Once a movie is released, and especially if it’s successful, it becomes difficult to imagine another actor or actress in the lead role, and even harder if they win a clutch of awards into the bargain. Some movie stars can become so indelibly linked to a part, that if someone else takes it on in a remake or a sequel you can’t help but see the original actor in their place (you might even resent them for being there). And there are times when the very idea is wrong. Spare a thought for example, for David Soul, tasked with following in the footsteps of Humphrey Bogart as Rick Blaine in the short-lived Casablanca TV series back in 1983. No matter how world-weary he affected to be, Soul just couldn’t match Bogart for deep-seated ennui. As a result, Soul’s interpretation of the role couldn’t help but feel like a pale imitation.
But if following in the footsteps of an iconic actor in an iconic role isn’t bad enough, then spare a thought for those actors and actresses who passed on a role that became iconic. How bad must that be? How must it feel to know that you could have taken on a role and made it your own, and yet because of some reason or other, you decided not to, and one of your more circumspect colleagues jumped at the chance and made it their own? (Probably bad enough that if worst comes to worst and the colleague is nominated for an Oscar, then that colleague won’t receive a vote from the person who lost out… at the very least.)
Here then are five movie stars and the roles they turned down. You can judge for yourselves just how successful they would have been if they’d gone ahead and played these roles, but one thing can be said for certain: each movie would have had a different dynamic as a consequence, and maybe they wouldn’t have been as successful, or as memorable.
1 – Sylvester Stallone – Role: Axel Foley – Movie: Beverly Hills Cop (1984)
Despite a long period of pre-production and several scripts written during the process, Beverly Hills Cop was always meant to star Stallone. But with a matter of weeks to go before filming began, Stallone upped and quit the project (Steven Berkoff, who plays the movie’s villain, once said in an interview that the Rocky star quit over disagreements about which kind of orange juice was to be put in his trailer). Enter Eddie Murphy, who seized the hastily rewritten character and improvised his way into the public’s affections as the motormouth cop with a bitingly funny sense of humour. It’s hard to think of Stallone being as free or confident in the way that Murphy is, and he’s not known for comedy – Stop! Or My Mom Will Shoot (1992), anyone? – so the chances of it having been as successful as well are less conclusive, but this is one of the best examples of an actor coming in and stealing the show (thankfully).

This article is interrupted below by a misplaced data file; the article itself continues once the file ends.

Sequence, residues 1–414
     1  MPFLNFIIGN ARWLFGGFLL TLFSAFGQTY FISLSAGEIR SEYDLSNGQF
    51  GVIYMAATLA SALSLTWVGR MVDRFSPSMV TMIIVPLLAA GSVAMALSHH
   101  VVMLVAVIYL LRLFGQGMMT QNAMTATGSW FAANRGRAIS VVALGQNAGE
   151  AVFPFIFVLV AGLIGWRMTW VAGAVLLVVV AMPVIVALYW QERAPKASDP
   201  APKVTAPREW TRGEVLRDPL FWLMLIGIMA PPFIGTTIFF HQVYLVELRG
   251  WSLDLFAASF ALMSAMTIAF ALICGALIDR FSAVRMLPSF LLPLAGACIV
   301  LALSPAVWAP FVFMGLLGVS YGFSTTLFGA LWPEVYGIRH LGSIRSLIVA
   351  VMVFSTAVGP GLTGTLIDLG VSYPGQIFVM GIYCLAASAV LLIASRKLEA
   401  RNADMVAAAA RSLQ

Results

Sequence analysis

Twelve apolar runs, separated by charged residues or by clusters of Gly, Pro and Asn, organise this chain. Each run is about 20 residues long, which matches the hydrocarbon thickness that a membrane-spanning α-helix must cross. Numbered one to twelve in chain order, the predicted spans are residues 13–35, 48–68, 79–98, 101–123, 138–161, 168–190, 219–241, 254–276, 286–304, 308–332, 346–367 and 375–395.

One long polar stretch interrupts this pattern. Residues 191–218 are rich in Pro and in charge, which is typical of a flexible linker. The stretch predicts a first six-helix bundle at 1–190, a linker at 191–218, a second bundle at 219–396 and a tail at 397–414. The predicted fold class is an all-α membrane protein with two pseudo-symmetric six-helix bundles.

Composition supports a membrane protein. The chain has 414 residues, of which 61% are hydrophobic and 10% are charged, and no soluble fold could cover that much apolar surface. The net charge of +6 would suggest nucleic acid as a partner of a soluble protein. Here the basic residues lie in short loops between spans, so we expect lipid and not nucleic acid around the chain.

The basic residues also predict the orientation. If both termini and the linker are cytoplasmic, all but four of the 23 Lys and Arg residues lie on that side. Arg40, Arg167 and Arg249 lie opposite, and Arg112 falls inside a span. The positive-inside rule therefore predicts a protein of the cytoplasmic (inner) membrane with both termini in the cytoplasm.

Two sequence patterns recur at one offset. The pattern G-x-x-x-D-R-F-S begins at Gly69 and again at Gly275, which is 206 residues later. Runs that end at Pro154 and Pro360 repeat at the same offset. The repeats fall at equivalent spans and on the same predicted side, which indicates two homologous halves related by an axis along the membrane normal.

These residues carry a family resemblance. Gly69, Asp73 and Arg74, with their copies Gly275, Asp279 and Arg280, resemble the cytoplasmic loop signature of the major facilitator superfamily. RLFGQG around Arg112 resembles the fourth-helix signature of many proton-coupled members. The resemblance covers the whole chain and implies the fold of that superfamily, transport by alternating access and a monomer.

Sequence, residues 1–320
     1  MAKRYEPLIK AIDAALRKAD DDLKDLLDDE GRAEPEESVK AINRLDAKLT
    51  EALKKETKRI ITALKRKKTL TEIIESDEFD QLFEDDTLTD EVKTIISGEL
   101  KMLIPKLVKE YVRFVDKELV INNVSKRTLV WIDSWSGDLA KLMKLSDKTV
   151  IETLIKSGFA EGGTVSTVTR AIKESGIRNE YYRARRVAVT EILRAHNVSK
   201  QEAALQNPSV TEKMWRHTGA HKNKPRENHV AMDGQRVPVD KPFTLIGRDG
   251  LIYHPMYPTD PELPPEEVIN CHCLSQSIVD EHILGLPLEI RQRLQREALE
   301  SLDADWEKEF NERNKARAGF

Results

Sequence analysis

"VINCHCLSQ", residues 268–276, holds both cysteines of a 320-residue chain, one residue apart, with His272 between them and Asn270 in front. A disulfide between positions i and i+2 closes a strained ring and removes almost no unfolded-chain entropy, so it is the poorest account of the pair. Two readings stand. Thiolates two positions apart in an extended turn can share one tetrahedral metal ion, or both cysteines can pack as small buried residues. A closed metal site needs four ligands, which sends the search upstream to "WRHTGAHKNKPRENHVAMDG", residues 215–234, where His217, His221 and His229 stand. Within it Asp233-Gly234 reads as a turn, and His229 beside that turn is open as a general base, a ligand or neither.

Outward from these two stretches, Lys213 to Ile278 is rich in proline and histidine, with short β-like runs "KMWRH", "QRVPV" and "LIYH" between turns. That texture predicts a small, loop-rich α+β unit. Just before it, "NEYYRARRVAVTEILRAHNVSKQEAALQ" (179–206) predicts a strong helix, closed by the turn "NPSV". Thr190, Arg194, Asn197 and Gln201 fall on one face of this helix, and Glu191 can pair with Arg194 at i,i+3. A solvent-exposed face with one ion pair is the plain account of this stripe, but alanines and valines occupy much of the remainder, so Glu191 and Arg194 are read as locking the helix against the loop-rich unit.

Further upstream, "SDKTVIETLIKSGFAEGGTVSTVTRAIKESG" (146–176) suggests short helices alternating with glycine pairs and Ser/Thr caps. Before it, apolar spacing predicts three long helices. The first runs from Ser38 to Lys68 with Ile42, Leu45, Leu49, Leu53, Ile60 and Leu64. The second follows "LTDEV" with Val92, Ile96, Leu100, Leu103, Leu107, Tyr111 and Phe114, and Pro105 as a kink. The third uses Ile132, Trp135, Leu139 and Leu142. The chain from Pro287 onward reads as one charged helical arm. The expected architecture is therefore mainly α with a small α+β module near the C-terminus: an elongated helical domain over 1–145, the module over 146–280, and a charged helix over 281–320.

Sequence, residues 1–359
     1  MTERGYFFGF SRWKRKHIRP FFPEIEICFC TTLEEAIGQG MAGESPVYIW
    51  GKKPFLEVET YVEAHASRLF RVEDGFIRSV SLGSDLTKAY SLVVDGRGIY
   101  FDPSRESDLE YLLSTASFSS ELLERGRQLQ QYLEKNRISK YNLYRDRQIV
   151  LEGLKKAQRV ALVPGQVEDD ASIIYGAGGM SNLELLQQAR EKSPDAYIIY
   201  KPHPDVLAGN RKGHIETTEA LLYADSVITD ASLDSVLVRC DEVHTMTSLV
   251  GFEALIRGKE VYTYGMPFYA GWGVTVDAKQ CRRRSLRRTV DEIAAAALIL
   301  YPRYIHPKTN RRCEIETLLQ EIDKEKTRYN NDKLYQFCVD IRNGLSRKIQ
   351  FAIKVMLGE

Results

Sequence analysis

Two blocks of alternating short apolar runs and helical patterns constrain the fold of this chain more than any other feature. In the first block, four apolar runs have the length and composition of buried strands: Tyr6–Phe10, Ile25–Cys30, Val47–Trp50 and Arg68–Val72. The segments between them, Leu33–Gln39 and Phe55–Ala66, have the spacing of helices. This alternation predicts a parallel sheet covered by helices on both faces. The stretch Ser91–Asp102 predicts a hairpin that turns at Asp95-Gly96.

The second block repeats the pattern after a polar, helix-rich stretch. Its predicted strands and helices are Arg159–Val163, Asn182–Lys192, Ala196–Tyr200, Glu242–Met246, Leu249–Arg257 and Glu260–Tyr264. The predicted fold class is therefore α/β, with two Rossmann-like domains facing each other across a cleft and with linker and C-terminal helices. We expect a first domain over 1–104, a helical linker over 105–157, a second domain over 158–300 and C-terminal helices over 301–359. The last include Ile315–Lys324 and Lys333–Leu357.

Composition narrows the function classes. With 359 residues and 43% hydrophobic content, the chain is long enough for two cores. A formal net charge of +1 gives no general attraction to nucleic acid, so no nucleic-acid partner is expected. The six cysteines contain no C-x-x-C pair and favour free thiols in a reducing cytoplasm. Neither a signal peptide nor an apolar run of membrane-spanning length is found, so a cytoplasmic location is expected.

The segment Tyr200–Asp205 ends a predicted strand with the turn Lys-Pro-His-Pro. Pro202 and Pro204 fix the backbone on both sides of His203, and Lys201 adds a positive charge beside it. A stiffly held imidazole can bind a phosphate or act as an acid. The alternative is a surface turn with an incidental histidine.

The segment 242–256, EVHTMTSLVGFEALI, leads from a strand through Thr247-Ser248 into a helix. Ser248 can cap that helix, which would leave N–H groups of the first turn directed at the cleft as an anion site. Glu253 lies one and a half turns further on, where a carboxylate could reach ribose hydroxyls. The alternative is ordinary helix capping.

2 – Meg Ryan – Role: Clarice Starling – Movie: The Silence of the Lambs (1991)
Without meaning to undermine or decry Ryan’s talent as an actress, it’s perhaps very fortunate indeed that she turned down the role of Clarice Starling, paving the way for Jodie Foster to give such a stunning performance. Like some of her contemporaries, Ryan passed on the role because she felt the movie would be too violent, but with the benefit of hindsight it’s perhaps a good thing she didn’t take on the part. As with Stallone and Beverly Hill Cop‘s humour, The Silence of the Lambs and its dark, oppressive material isn’t really Ryan’s forté, and the idea of a rookie FBI agent in bouncy curls chasing down a serial killer suddenly becomes too risible to be entertained seriously.
3 – Robert De Niro – Role: Han Solo – Movie: Star Wars (1977)
When casting the role of Han Solo, George Lucas wanted to go with someone he hadn’t worked with before, and several up and coming actors – Christopher Walken, Kurt Russell, and Chevy Chase(!) to name but three – were considered. But De Niro was one of a handful of actors who actually turned down the role. With his appearances in Mean Streets (1973), The Godfather Part II (1974), and Taxi Driver (1976) already establishing him as one of the best actors of his generation, it was probably a wise move on De Niro’s part, but what he would have made of lines such as, “It’s the ship that made the Kessel Run in less than twelve parsecs” is still a tantalising proposition.
4 – John Travolta – Role: Forrest Gump – Movie: Forrest Gump (1994)
Throughout his career, Travolta has turned down a number of roles that, in other actors’ hands, have led to critical acclaim and their movies’ success at the box office. And this isn’t the only time that Tom Hanks has benefitted from Travolta’s reluctance to take on a role: he also turned down the role of Paul Edgecombe in The Green Mile (1999). But this decision is one that Travolta still regrets today, and though it’s hard to imagine him reciting the line, “Mama always said life was like a box of chocolates” with the same naïve innocence as Hanks does, it would have been interesting to see him adapt his naturally effusive style of acting to the role.
5 – Bette Midler – Role: Annie Wilkes – Movie: Misery (1990)
It’s often interesting to hear about proposed casting choices and the odd matches of actor or actress to a role, but the idea of Midler playing dowdy, homicidal Annie Wilkes is one that takes some adjusting to (especially given Kathy Bates’ Oscar-winning performance). Nothing in Midler’s career up til then (or since) gives any indication that she would have been effective in the role, so maybe she knew she was making the right decision – but to have been offered the role in the first place? Bizarre, just very bizarre.